Why Have The Kennedy Assassination Records Been Kept Secret For So Long?

The ongoing secrecy around President John F. Kennedy's assassination files has added fuel to an already inferno-sized conspiracy fire. Despite Congress announcing that documents related to the terrible events of November 1963 should be released, the White House has repeatedly stalled (via NPR).

Bizarre things surrounding JFK's assassination have been intensely debated by both the public and the press. Some of the most popular theories include the widespread belief that Lee Harvey Oswald did not act alone (via The Washington Post). Conspiracy theorists of all stripes often argue that a man spotted nearby with an umbrella may have been involved, as well as the Russians, the mob, the CIA, President Lyndon B. Johnson, or even Ted Cruz's dad.

According to a poll published by NBC News, over 70% of Americans want to see the secretive JFK documents. Congress first agreed that the files should be made public in 1992, and although a great deal of information has been brought to light, 16,000 files related to the mysterious plot have never been released (via NBC News). In theory, one day the digitized documents will be available online for all to see.

Broken promises

The United States government has the right to keep the JFK documents secret if releasing them will compromise security in some way (via NPR). This is due to a clause in the John F. Kennedy Assassination Records Collection Act, passed in 1992. The act stipulated that the documents should be released by 2017, 25 years later (via The Washington Post).

President Donald Trump made moves to honor that promise when he was in office but later announced that some files would remain secret in accordance with security concerns. Trump's administration okayed the release of 19,045 files, but a majority of the documents still had key names and details redacted, per The Washington Post.

According to a report released by Politico, CIA and FBI officials have been embroiled in a multi-year-long conflict over the release of the documents in an attempt to keep them secret. Some of those fighting for secrecy have stated that they wish to protect the safety and privacy of still-living agents and informants. Most of the files are under the lock and key of the CIA, but 23% are controlled by the FBI (via The Guardian).

What's in the JFK files?

Some conspiracy theorists are still convinced that the files contain evidence that the CIA was involved in President John F. Kennedy's death. As recently as 2007, an extremely ill ex-CIA agent, E. Howard Hunt, personally named a handful of CIA operatives, as well as Lyndon B. Johnson, as the true culprits behind the assassination (via Wired).

The notorious agent Hunt went to prison for his role in the Watergate scandal in the 1970s. The Mary Ferrell Foundation, who are pushing for the release of the documents, have claimed that critical information related to the JFK murder was illegally redacted from E. Howard Hunt's file when the last round of documents were published (via NBC News).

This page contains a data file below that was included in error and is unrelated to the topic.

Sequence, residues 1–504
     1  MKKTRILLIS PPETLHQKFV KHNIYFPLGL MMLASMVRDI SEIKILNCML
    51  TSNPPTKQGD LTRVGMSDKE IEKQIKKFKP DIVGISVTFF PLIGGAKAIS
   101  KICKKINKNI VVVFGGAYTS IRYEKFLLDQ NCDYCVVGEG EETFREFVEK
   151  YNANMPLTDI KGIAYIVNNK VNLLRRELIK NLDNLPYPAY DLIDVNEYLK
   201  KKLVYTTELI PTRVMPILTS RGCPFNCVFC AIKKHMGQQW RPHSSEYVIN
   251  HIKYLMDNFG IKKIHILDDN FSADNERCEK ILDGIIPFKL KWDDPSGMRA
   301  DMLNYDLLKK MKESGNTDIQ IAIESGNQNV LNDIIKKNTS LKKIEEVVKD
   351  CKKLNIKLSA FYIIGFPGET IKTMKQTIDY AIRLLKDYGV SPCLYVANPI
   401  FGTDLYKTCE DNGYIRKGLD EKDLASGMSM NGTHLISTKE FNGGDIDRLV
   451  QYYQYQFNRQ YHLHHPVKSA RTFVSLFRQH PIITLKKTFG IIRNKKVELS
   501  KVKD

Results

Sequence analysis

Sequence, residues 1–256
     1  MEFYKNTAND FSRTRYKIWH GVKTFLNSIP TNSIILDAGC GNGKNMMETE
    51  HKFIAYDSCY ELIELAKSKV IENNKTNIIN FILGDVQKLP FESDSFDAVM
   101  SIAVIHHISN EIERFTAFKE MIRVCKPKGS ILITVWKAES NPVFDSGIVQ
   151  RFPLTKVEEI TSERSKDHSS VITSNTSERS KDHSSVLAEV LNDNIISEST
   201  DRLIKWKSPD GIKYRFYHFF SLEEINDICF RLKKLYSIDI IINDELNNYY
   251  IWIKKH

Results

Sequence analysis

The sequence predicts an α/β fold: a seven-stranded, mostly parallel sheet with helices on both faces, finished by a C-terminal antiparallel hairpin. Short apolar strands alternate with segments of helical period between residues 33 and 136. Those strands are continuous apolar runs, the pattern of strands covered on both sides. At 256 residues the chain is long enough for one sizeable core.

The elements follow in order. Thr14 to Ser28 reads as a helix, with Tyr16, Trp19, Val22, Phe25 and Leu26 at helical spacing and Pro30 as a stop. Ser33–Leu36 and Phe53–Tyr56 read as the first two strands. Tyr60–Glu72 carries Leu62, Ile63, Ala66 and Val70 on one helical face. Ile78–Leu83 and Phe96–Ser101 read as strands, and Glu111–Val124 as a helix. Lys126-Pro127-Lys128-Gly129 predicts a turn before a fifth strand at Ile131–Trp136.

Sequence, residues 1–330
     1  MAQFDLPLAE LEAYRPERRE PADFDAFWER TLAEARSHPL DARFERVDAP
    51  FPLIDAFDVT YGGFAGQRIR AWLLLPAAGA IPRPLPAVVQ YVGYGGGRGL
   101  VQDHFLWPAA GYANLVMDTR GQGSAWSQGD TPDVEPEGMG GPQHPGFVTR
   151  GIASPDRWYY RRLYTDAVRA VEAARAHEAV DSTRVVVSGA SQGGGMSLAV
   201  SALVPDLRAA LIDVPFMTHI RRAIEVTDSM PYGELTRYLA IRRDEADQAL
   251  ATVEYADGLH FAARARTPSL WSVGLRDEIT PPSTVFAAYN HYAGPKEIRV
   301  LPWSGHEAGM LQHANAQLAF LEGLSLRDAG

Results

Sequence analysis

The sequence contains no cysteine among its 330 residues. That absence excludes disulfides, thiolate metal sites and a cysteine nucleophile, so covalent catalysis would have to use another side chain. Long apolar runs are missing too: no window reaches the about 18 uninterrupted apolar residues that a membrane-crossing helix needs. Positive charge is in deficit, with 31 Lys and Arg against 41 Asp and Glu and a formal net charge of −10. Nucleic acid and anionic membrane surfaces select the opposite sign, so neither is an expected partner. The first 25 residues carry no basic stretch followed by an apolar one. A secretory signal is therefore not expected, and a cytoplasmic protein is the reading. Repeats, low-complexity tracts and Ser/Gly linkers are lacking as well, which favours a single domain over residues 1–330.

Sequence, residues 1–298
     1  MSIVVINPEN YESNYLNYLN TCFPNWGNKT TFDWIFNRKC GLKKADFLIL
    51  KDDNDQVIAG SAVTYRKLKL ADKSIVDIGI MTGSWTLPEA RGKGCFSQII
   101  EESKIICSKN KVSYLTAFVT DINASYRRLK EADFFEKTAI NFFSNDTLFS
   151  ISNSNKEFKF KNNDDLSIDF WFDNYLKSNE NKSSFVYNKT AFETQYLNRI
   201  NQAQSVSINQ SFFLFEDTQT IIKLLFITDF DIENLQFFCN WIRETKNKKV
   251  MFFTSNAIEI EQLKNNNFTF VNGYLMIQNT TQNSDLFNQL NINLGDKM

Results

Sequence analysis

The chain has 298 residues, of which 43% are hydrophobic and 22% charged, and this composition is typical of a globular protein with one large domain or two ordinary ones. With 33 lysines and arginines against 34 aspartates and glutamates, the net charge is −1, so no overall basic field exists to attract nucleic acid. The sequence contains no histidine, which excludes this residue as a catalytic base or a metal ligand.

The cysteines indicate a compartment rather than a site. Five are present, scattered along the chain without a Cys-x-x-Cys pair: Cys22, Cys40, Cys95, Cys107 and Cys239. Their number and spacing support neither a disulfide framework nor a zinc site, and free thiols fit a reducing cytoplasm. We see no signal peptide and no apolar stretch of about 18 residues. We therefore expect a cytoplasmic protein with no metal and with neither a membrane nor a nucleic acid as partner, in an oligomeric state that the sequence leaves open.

There is also some speculation that the documents will reveal an embarrassingly close relationship between Lee Harvey Oswald and the CIA. Some of the already declassified JFK files have shown that the CIA was surveilling Oswald's activities in Mexico just weeks before he killed the president (via Politico). Speaking on behalf of the Mary Ferrell Foundation, Jefferson Morley, an ex-Washington Post journalist, has repeatedly argued that the CIA worked with Oswald in the 1960s (via The Independent).

Among the unreleased files, journalists are particularly keen to get hold of records regarding the career of agent George Joannides, who worked at the CIA's Miami offices and infiltrated anĀ anti-Fidel Castro group in the '60s. The Mary Ferrell Foundation believes that Lee Harvey Oswald was known to Joannides. The now deceased ex-agent was awarded an intelligence medal for unknown reasons, in the 1980s (via NBC News).

Full disclosure?

The issue of the hidden documents was raised again after President Joe Biden's election. In 2021, 1,500 new files were published by the National Archives (via The Guardian). Skeptics will be unsurprised to discover that they revealed nothing shocking in relation to the case, although they did show that Lee Harvey Oswald was attempting to get a visa to enter the Soviet Union just prior to the assassination.

Convinced conspiracy theorists were outraged that once again only a paltry number of documents were published. Biden issued a memo in 2021 to further delay the release of most of the materials once again, and in response, the Mary Ferrell Foundation began a lawsuit against Biden and the National Archives this October (via NBC News).

The foundation's case argues that all the files should have been declassified on time and that some already published files should never have been redacted. On December 15, 2022, the National Archives released more than 13,000 additional documents connected to the assassination, per CNN. The newly released documents are available online.